• Philosophy

  • About

    The function of philosophy is to explore fundamental problems of human existence. Every area of human activity—art, science, religion, politics—generates questions and viewpoints that invite philosophical reflection. Socrates went so far as to declare that the unexamined life is not worth living.

    Philosophy is a discipline unique in its methods and subject matter. Becoming skilled in its methods will serve invaluable functions in the undergraduate education. At Stern College for Women, the student learns to deal with complex ideas in a careful and clear way; is trained to eschew vague, impressionistic thinking and to think, instead, critically, rigorously and precisely; acquires the capacity to read carefully and reflectively, and to write in an organized, persuasive fashion.

    Skills such as these are transferable: they serve the student well in any career.

    Philosophy is excellent preparation for any profession that demands the ability to grasp complex ideas, analyze problems from differing vantage points and communicate effectively. Thus, a major or minor in philosophy develops skills necessary for the pursuit of law, journalism, medicine, computer science, business and public administration.

    Mission Statement

    The mission of the philosophy department is to foster students' familiarity with a significant range of philosophical problems, concepts, arguments, and figures, and to prepare students for a variety of careers, ranging from law to teaching to writing to finance to medicine. The department provides this preparation by teaching transferable skills such as analyzing and appraising arguments, constructing original arguments, and writing clearly about complex material. In addition, some courses enable students to understand the relevance of philosophy to social problems, especially issues in ethics and public policy.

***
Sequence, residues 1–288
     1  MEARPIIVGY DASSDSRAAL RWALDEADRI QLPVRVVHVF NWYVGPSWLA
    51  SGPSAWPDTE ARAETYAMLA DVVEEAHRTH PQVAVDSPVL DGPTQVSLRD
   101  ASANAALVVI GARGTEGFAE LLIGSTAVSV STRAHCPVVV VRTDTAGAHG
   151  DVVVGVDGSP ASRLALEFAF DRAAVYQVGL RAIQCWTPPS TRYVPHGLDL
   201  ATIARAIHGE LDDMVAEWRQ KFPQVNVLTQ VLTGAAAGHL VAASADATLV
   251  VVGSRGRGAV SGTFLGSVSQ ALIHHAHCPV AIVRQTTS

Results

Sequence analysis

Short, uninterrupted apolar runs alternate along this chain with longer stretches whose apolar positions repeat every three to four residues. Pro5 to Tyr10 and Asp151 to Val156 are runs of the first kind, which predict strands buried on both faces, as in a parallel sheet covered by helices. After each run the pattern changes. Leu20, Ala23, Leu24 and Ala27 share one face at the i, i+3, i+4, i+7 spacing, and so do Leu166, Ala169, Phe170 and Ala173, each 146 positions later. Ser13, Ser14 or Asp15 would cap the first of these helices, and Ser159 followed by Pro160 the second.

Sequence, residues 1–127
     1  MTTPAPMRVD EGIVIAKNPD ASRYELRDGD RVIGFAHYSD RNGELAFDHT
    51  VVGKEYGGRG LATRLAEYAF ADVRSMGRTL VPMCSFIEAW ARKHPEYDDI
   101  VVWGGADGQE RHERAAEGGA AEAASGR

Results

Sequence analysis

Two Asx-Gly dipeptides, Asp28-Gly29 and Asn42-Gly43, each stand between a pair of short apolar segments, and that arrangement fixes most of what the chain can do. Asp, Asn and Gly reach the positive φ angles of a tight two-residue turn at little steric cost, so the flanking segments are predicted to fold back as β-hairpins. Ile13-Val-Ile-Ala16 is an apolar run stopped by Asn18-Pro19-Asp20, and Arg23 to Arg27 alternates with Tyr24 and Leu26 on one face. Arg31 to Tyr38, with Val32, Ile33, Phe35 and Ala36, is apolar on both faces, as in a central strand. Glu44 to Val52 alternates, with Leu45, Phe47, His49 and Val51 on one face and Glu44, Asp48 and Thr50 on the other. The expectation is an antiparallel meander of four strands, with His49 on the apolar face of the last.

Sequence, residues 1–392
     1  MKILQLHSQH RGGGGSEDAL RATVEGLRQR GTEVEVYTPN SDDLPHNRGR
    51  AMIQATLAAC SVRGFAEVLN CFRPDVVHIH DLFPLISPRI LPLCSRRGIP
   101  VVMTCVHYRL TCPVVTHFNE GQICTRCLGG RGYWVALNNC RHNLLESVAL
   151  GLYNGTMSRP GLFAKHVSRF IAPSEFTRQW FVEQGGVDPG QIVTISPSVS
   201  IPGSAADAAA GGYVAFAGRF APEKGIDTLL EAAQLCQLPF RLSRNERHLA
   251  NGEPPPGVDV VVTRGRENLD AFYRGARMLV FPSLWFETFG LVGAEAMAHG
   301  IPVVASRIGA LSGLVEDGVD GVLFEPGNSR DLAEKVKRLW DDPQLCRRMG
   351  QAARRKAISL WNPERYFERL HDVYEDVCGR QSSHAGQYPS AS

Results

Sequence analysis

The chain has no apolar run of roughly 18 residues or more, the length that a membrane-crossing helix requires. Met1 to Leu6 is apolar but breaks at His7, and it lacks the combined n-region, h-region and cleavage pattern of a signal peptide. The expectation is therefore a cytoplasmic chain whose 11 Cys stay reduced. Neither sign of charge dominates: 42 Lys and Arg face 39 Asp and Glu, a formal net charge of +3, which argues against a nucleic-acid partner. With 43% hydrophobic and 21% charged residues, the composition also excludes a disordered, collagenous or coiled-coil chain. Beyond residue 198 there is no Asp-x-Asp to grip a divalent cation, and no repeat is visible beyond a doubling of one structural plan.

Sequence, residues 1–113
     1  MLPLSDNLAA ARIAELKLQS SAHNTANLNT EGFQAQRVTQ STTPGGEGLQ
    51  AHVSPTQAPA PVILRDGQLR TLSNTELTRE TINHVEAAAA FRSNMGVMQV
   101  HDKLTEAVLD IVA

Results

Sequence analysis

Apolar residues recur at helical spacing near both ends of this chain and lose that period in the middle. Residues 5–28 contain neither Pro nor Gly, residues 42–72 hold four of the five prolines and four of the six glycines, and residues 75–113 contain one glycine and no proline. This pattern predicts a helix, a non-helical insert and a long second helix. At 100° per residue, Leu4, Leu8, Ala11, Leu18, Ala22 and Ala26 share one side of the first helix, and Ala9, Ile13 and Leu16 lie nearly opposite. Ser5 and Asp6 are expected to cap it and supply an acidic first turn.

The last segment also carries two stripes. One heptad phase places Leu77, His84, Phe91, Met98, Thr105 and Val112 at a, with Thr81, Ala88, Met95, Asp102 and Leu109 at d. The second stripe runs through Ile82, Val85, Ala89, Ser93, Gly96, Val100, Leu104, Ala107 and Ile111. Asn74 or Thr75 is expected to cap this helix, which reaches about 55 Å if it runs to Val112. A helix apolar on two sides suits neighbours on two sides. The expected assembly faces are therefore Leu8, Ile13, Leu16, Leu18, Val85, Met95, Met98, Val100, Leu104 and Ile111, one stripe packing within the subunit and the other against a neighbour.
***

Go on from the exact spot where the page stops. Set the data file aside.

Program Student Learning Goals

    1.   Students will be able to critically evaluate philosophical arguments and to construct their own.
    2.   Students will be able to clearly communicate philosophical ideas, both orally and in writing.
    3.   Students will be able to comprehend a wide, diverse range of philosophical texts. 
    4.   Students will be able to understand main arguments and figures in the history of philosophy. 
    5.   Students will be able to understand alternative ways of viewing subject matters, be they issues in metaphysics, epistemology,   ethics, or any other subfield of philosophy. 
    6.   Students will be able to apply philosophical knowledge and skills to analyze relevant social problems.

    For more information, contact Dr. David Shatz at shatz@yu.edu.

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